The degree of overlap between a plant’s blooming times during its mating season and what would be predicted to happen randomly under specific environmental conditions is known as flowering synchrony. More plants than would be predicted by chance are blossoming (either generating pollen or receiving pollen) at the same moment in a population that is flowering synchronously. Fewer plants than would be predicted randomly blossom at the same time in a population that is flowering asynchronously. In a community, blooming synchronisation refers to the timing of flowering seasons within a single year, between years, and across different species. Across pollination syndromes, coordinated blooming is a common phenomena with both advantages and downsides for fitness.
The occurrence of coincident, simultaneous blossoming of every population of a certain species over a wide area is referred to as synchronous flowering. Many plants might be included, although not necessarily all of that species.
Despite regional differences in weather circumstances, many plant species require pollinators in order to cross-pollinate and generate seeds. As a result, flower development in different plant species is often synchronised, and all mature individuals of the same species bloom at the same time. Although such synchronicity may result from reactions to weather-related conditions, it may be an evolved response to improve reproductive success.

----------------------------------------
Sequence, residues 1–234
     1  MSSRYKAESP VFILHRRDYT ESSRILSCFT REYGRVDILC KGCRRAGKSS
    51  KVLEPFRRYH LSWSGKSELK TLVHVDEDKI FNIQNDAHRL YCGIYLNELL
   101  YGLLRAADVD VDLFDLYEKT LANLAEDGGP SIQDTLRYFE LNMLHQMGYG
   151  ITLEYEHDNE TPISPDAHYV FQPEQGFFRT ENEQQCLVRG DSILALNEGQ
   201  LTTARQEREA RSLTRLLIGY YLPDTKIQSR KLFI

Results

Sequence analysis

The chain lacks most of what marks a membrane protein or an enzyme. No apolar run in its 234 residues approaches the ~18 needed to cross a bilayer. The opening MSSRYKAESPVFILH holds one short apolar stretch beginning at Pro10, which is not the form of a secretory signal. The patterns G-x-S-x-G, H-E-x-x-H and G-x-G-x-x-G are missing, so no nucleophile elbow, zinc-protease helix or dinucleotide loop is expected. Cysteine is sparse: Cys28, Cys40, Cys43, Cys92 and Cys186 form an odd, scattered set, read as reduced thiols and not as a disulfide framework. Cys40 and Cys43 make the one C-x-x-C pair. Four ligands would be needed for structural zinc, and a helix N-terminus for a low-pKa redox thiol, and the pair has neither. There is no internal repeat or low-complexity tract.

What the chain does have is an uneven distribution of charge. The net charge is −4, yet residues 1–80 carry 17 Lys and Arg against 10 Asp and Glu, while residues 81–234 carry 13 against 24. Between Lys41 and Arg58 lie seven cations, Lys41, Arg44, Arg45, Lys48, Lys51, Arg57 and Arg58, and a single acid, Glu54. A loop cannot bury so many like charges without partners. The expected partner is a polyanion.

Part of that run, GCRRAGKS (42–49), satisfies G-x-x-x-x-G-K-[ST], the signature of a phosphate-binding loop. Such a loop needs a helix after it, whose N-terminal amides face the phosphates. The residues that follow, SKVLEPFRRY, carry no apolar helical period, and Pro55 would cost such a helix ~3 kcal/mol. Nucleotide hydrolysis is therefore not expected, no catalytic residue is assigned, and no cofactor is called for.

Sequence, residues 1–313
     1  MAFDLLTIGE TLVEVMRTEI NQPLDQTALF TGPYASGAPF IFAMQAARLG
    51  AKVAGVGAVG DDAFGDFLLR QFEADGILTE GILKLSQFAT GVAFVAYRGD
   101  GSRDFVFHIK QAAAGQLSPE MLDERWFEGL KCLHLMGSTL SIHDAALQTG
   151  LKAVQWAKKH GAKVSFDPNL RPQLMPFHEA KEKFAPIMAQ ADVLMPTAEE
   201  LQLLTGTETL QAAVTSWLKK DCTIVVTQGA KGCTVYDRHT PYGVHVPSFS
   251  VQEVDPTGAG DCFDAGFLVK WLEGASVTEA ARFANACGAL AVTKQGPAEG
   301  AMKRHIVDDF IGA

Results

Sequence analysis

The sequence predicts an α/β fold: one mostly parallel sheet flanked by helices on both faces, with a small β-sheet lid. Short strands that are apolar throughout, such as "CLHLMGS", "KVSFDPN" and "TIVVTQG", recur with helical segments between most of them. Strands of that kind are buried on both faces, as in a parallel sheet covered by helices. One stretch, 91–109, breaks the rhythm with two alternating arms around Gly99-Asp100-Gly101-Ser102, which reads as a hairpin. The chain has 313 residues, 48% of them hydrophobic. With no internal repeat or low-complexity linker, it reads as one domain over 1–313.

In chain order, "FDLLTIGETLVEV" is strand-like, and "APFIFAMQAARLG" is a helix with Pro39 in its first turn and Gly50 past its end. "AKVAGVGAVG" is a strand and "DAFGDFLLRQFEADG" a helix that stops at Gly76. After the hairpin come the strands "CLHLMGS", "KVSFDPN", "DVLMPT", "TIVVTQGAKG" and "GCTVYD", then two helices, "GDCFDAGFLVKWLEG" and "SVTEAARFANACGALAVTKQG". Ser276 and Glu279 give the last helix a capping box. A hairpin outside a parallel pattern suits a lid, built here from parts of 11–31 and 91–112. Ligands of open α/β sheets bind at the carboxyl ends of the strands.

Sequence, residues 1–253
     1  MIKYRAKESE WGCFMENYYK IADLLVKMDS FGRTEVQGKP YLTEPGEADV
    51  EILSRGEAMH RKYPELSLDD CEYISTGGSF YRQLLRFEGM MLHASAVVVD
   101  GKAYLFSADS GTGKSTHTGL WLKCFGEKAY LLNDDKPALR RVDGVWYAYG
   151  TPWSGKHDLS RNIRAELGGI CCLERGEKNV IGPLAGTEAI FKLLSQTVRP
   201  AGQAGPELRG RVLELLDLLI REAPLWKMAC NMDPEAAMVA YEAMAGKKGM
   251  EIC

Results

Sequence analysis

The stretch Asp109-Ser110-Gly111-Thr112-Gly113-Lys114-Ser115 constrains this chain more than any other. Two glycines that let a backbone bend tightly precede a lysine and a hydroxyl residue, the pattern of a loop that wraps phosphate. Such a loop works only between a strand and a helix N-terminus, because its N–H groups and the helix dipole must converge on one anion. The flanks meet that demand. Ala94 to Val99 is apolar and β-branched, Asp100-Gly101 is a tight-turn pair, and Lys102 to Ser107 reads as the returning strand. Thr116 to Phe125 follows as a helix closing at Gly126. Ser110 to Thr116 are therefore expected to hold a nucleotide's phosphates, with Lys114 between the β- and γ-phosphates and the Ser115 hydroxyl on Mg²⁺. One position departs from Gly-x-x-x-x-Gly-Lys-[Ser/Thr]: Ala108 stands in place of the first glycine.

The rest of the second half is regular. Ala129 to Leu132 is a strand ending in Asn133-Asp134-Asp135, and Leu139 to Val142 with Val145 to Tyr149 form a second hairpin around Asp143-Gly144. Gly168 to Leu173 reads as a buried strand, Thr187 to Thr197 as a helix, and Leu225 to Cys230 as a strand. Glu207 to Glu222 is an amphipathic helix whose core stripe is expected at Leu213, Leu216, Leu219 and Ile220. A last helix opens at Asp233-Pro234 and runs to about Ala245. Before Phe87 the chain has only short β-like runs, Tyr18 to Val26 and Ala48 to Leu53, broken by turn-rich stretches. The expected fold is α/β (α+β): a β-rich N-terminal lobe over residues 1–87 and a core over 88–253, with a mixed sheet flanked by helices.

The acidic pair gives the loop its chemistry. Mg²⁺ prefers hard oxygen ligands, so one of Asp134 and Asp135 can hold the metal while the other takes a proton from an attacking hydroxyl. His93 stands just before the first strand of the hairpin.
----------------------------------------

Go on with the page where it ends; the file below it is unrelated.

During years with robust blooming responses, synchronised flowering of a species over an area may improve fertilisation and seed set since a larger flower density enhances the likelihood of pollination. Additionally, owing to predator satiation, synchronised blooming may decrease the percentage of seeds attacked by seed predators. The resultant pattern reduces the percentage of seeds lost to predators in a selectively beneficial way.
In addition, some plants from different species living in the same area may simultaneously exhibit similar typical adaptations for an environment with very low pollination probability, converging into parallel phenological patterns, and synchronising their blooming cycles to increase pollinator attraction.
For instance, certain cactus species only bloom once a year (or in a few cyclical periods), and their blooms only last a few days. As a result, flowering tends to be highly synchronous, with the majority of stems in a population producing flowers on any one day.
Another illustration would be the simultaneous blossoming of spring ephemerals and bulbous plants (such as narcissi and hyacinths).